If anything is clear about the e-commerce market is that it is growing fast and is moving in multiple channels.
In addition, there are more and more consumers and ways to sell online. However, there are some clear obstacles involved in selling multichannel that cannot be missed, especially with regard to inventory management and order.
Fortunately, there are order management systems (OMS). They are tools that keep everything under control and can make different administrations of multiple channels, warehouses and inventory levels a little easier to manage.
Why the move to multichannel?
Before we get into order management, we first have to ask, “What is influencing this move towards multichannel?”
Consumer behavior is the short answer.
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In the last 25 years, thanks to the ubiquity of the Internet, as consumers we have become accustomed to a more “à la carte” lifestyle. This has been applied to how we consume entertainment, how we receive our news and of course, how we buy.
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In addition, a recent PricewaterhouseCoopers study of consumer multichannel behavior found that 74% of US respondents purchase goods from the same retailer on more than one channel.
Think about that statistic for a second. Almost 3 out of 4 people buy from the same retailer from more than one channel. How many channels do you currently have?
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The implications for their acquisition and retention strategies are staggering.
Have you lost a repeat customer income simply because your items were not present when they were shopping at Amazon?
If you are present on Amazon, are you using your packaging to drive those buyers to the channel you own?
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The word multi-channel (sometimes referred to as omnichannel retail) traditionally means selling online and offline. Make no mistake, it still does, but these days multi-channel can be completed online since the number of sales channels out there is substantial and growing per month.
How do online businesses decide which channels and apps they should add in their domains?
Well, we recommend businesses to take a decision based on a mix between their personal preferences, known industry statistics and apps that are popular among their specific target audiences.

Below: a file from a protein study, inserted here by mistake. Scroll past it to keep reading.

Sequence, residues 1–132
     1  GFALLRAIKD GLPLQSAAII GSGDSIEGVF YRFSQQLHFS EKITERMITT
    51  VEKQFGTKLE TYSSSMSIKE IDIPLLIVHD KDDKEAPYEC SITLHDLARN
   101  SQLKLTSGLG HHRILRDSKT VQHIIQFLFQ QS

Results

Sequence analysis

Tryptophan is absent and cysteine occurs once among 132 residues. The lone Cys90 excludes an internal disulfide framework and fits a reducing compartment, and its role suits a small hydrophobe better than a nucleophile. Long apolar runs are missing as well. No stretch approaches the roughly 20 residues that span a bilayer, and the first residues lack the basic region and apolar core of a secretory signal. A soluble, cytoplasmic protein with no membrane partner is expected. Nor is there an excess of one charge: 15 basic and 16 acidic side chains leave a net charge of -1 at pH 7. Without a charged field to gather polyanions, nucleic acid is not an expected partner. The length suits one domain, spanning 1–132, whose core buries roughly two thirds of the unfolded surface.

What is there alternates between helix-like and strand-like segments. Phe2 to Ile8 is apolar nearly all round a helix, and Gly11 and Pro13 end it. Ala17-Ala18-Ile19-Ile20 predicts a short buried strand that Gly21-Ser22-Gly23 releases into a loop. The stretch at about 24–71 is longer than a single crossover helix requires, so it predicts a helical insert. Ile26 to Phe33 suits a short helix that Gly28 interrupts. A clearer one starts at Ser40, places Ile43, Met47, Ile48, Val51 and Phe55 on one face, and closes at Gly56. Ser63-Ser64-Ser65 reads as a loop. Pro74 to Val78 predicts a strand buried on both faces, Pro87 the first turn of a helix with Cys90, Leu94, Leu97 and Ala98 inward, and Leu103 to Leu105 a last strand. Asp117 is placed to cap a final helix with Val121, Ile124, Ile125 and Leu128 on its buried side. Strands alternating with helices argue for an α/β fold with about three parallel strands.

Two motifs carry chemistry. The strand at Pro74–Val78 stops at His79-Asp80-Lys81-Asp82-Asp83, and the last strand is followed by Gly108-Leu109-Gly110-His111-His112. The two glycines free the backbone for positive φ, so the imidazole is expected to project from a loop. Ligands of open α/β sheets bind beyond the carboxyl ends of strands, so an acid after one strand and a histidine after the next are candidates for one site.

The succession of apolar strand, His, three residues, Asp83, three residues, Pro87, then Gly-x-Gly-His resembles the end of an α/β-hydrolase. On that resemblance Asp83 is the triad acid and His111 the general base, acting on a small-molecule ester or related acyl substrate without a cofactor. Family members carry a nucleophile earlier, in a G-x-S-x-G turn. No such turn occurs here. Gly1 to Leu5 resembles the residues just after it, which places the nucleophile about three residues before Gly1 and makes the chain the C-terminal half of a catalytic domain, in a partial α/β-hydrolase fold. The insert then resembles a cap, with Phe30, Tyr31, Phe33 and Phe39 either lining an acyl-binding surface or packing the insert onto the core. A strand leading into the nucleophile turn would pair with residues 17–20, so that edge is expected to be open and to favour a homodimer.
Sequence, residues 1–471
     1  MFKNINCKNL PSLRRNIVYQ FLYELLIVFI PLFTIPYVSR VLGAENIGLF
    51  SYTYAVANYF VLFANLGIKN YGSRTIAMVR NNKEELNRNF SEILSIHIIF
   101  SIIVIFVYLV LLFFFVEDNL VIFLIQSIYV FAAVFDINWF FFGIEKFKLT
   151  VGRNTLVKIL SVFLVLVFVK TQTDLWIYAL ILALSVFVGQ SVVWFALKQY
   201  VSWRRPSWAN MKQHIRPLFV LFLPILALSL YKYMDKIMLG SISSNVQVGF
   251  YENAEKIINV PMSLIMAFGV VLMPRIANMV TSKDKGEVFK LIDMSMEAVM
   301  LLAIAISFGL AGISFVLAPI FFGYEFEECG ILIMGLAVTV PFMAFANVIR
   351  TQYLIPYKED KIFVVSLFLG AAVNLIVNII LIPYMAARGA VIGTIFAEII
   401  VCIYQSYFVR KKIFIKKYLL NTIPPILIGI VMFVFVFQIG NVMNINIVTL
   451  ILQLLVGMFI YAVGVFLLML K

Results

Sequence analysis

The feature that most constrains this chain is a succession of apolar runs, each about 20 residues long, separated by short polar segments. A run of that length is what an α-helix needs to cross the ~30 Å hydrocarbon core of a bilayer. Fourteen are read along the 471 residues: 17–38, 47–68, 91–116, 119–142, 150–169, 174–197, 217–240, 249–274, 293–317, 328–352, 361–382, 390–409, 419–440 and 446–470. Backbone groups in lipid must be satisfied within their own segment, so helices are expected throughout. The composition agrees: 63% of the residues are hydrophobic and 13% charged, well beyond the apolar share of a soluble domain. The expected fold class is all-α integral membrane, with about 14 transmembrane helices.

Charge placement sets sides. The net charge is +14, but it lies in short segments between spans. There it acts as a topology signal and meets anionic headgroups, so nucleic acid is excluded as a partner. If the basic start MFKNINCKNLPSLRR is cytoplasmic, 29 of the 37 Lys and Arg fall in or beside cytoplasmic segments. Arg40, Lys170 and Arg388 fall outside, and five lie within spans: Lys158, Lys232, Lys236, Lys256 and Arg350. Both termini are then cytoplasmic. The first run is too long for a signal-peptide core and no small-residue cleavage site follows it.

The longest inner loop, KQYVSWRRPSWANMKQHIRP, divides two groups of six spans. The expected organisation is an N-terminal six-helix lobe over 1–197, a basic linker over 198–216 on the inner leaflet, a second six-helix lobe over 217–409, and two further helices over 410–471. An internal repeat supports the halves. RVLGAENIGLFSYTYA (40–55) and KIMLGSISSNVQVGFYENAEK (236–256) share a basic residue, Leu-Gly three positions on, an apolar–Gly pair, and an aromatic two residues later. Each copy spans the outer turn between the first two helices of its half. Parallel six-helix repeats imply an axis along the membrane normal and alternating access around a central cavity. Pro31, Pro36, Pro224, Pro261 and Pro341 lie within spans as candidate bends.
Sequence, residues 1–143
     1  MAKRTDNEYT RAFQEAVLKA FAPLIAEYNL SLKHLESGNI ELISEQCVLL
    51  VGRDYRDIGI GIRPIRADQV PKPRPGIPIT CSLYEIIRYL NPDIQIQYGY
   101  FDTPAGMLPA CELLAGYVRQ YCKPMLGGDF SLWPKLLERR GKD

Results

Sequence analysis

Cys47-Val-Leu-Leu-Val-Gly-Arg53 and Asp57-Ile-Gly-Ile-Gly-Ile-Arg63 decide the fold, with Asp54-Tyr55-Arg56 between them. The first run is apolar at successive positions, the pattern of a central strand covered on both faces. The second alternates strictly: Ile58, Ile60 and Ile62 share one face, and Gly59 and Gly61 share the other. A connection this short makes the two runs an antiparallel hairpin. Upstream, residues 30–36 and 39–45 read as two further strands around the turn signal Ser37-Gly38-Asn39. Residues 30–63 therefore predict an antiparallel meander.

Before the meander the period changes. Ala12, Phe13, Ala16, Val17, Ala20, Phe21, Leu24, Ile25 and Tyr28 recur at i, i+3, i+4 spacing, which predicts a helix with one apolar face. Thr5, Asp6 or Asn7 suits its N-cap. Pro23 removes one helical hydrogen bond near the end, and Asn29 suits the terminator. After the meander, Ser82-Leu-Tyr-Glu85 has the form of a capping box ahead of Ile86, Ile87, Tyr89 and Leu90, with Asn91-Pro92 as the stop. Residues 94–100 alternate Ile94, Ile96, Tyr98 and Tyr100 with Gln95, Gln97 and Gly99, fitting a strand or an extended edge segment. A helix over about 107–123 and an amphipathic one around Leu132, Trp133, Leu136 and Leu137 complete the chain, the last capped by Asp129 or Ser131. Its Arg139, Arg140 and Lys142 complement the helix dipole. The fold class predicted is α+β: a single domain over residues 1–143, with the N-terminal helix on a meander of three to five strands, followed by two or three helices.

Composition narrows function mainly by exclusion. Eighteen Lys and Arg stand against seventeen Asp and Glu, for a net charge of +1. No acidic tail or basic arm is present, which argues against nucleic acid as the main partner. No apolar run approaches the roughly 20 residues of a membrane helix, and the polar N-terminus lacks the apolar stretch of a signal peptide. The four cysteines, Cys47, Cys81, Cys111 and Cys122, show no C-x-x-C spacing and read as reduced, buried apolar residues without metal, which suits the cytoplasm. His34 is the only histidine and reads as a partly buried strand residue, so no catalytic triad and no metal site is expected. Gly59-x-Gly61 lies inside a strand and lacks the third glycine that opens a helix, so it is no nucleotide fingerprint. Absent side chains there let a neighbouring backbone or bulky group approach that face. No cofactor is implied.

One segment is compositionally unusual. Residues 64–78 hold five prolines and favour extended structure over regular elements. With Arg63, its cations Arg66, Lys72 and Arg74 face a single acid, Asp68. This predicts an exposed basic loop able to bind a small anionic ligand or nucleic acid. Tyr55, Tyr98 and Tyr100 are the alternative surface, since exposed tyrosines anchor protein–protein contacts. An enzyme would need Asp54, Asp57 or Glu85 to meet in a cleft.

Traditional SMS is still alive and kicking, but texting, in general, is important. In fact, 78% of people who love texting wish they could regularly text businesses. As far as we know, the whole of humanity loves texting.
According to a Forrester study, “62% of business owners believe they will lose ground if they don’t adopt social customer service technology in customer service operations.”
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So, yes, that’s putting apps like FB Messenger (which has over 1 billion worldwide users) on the table, and let’s not forget Telegram (used by over 100 million people), for instance.
You might consider Viber and WeChat, which, together, have a user base of over 900 million.
Spoiler: No businesses implement these apps manually, these days. There are solutions that allow you to add multiple apps and channels at once, so you don’t have to be extra selective. Don’t worry, that’s why we made this article.
The idea is to piggyback on existing apps that your potential customers are already comfortable using. It saves you the need to ask your customers to download or add new apps and increases the chances of them initiating interactions. More interactions equal more sales. Point made.
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That’s why we recommend using our service overall because creates unique experiences through technologies that transform brands to grow their business and make people’s lives better than now.
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